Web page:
Google has made Google Now, complete with a voice assistant, available on iPhone and iPad. That move is a direct challenge to Apple’s Siri voice assistant. But which assistant is more helpful?
To find out, Boston.com senior business producer Daniel Kline took to the streets of Boston to put both products through their paces.
Leaving the Globe office
Google’s voice assistant is found inside the Google app whereas Siri can be accessed on iPhone 4S or 5 as well as on newer iPads simply by holding the main button down. This gives Siri a slight advantage in accessibility. To start out the test, I asked both assistants for directions from The Boston Globe office to the Omni Parker House hotel on School Street. Next
Omni Parker House
The test started out well for Google as when asked, “Where is the Omni Parker House hotel?” It not only found the address, it offered directions. Siri was less successful, offering a list of 15 hotels, none of which was the Omni Parker House. Next
Once parked near the Omni Parker House, I decided I would see how intuitive both assistants were. Neither produced a satisfactory answer to the query, “I’m thirsty,” and asking “Where can I get a cup of tea?” was equally unsuccessful. On the tea question, Siri asked if I wanted to do a Web search, while Google produced Web links to establishments that had the words “cup of tea” in their name.
Simply asking for “coffee?” was more satisfying as both apps produced lists of nearby options, though neither offered up the Finagle A Bagel I was standing in front of. Both were also equally good at finding nearby Starbucks locations, though each picked a different one about the same distance from my location. Next
The circus is in town
After walking away from Finagle A Bagel, ostensibly toward a Starbucks, I passed the giant tent for the Big Apple Circus, which is set up in City Hall Plaza for most of May. Both apps responded the same when I asked, “When is the Big Apple Circus playing Boston?” Siri and Google served up the Big Apple Circus website’s link as well as links to various ticket sites. Next
I pity the fool, who can’t find the T
Neither Google nor Siri was useful when trying to find the nearest “T” or “MBTA stop.” I was right near the entrance to Government Center, but the best either assistant could do was offer up a link to the MBTA website. Next
City Hall is on the map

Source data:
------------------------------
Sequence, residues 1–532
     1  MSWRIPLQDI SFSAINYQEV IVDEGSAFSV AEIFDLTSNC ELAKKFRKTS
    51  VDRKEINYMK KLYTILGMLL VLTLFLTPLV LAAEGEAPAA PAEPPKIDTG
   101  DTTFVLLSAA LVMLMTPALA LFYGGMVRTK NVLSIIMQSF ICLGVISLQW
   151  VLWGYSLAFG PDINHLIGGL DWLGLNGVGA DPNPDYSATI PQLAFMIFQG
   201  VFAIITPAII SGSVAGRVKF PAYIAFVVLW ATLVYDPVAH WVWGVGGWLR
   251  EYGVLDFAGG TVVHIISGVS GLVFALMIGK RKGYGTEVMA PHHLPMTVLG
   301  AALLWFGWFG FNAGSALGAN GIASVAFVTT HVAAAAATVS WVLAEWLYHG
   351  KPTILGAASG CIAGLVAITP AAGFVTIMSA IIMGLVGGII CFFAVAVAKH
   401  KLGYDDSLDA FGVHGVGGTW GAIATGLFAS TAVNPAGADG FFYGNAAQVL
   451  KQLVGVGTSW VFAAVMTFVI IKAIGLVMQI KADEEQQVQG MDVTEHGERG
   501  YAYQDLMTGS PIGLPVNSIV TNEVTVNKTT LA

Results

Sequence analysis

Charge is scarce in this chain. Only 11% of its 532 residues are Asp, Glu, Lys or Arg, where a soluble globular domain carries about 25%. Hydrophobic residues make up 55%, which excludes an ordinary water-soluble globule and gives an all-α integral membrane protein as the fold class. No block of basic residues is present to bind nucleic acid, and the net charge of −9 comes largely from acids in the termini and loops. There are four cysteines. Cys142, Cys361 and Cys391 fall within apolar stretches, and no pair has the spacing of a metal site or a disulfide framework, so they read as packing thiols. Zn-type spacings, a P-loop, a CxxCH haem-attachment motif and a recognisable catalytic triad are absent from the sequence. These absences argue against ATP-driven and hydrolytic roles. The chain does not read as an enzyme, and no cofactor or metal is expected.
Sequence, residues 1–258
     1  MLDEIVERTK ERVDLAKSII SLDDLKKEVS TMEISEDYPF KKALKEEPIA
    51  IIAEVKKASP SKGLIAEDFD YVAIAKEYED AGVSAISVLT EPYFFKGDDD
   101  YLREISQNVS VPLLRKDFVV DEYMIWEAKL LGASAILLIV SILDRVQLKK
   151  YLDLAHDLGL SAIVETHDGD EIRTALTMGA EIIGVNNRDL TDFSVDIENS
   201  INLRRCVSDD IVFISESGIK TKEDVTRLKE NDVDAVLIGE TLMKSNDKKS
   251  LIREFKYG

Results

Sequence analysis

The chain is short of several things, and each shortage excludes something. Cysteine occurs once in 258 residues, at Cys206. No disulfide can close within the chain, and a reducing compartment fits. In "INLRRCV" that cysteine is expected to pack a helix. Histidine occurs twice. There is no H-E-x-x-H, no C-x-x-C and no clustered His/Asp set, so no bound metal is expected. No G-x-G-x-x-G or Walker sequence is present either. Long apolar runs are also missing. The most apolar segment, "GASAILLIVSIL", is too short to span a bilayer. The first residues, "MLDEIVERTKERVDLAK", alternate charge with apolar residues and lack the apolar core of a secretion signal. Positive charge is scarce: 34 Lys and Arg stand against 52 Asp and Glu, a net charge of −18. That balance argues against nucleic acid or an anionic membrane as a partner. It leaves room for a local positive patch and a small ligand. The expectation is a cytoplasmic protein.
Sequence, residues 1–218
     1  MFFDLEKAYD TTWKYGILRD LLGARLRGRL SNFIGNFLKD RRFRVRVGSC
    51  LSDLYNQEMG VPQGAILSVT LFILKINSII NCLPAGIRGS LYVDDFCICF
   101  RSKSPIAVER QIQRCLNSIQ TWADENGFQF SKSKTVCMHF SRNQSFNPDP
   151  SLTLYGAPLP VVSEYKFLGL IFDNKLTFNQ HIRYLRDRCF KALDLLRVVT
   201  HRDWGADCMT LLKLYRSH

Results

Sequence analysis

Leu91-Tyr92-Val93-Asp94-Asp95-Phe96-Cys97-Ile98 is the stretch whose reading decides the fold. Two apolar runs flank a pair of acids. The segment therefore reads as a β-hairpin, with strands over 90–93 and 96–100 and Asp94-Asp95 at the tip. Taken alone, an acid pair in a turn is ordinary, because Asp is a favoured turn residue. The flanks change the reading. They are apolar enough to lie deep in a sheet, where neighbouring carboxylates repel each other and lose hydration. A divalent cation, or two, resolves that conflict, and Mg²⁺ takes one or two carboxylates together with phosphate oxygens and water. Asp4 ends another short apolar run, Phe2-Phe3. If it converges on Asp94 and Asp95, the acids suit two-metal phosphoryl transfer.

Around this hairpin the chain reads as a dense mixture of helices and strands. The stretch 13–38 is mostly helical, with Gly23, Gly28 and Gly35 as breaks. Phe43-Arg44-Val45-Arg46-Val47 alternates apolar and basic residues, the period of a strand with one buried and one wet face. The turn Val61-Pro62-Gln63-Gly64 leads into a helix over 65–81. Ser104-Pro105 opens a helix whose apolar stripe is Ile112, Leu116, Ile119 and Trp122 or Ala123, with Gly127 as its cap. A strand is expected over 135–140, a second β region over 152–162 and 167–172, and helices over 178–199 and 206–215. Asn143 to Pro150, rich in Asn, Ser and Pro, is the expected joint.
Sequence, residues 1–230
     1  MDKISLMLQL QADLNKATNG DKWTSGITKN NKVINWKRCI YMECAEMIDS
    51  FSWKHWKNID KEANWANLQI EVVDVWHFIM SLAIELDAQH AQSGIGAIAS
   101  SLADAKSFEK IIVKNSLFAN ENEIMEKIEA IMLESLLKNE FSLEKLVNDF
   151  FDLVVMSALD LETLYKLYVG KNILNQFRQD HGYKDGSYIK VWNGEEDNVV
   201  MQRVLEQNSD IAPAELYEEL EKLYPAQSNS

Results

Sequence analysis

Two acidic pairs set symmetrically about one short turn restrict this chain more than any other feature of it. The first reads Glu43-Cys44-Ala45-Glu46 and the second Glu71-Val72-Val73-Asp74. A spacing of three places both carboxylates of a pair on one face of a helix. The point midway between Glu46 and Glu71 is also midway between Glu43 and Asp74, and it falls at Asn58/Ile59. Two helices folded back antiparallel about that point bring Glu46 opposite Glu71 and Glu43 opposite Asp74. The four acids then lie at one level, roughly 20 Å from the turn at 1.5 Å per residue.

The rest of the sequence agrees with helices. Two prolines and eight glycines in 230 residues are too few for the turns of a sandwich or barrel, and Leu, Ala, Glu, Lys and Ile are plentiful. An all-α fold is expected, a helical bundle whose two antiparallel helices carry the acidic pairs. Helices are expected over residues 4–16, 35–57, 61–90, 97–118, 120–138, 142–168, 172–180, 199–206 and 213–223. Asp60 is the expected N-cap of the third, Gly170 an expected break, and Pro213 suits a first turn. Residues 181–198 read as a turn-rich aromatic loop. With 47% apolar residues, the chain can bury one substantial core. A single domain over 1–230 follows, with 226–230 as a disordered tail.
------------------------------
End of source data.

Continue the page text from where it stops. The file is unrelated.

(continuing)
While they struck out with the T, both assistants offered good walking directions to Boston City Hall. Next
Being near Faneuil Hall and the famous BosTix discount ticket kiosk, I asked both assistants, “Where can I find discount theater tickets?” in a number of different ways. Neither directed me to BosTix, and the closest either got was offering up unrelated, not useful websites. Next
Time for lunch
Siri answered the question, “Where can I find a burger?” by offering up a list of nearby burger places including UBurger, which was the closest to my location. Google was stymied by the question and did not seem to be able to process the concept of a burger place. Next
Noodles it is
Both assistants did well when asked the more general, “Where should I eat lunch,” producing similar lists of the many, many nearby eateries. Siri’s list was actually more useful as it offered a list where I could easily click for directions whereas Google offered a list of Web links that took more clicks to get to directions. Next
At the edge of Faneuil Hall lies a store entirely devoted to British boy band One Direction. Not being a fan, I asked both assistants, “Who are One Direction?” Siri did not appear to know and offered up a list of Web links not related to the band. Google, however, knew exactly what I was asking and it offered up links to both the band’s website and its Wikipedia page. Next
Are the Sox playing?
Hoping to return to more manly pursuits, I asked both assistants if the Red Sox were playing that night and both quickly offered up the details of the game in differing, but equally pleasant graphic treatments. Next
Whither the Bruins?
Neither app did as well when asked, “When do the Bruins start their playoff series?” Neither could answer the question though Google did offer a link to the Bruins roster — not exactly an answer, but at least the right team. Next
Good with directions
After leaving Faneuil Hall, I tasked both assistants with getting me directions to South Station, then North Station, then Logan Airport. Both did exceptionally well with driving directions for these well-known locales. In general, both assistants are pretty good with driving directions, but a little more hit or miss with less specific queries. Back to the beginning
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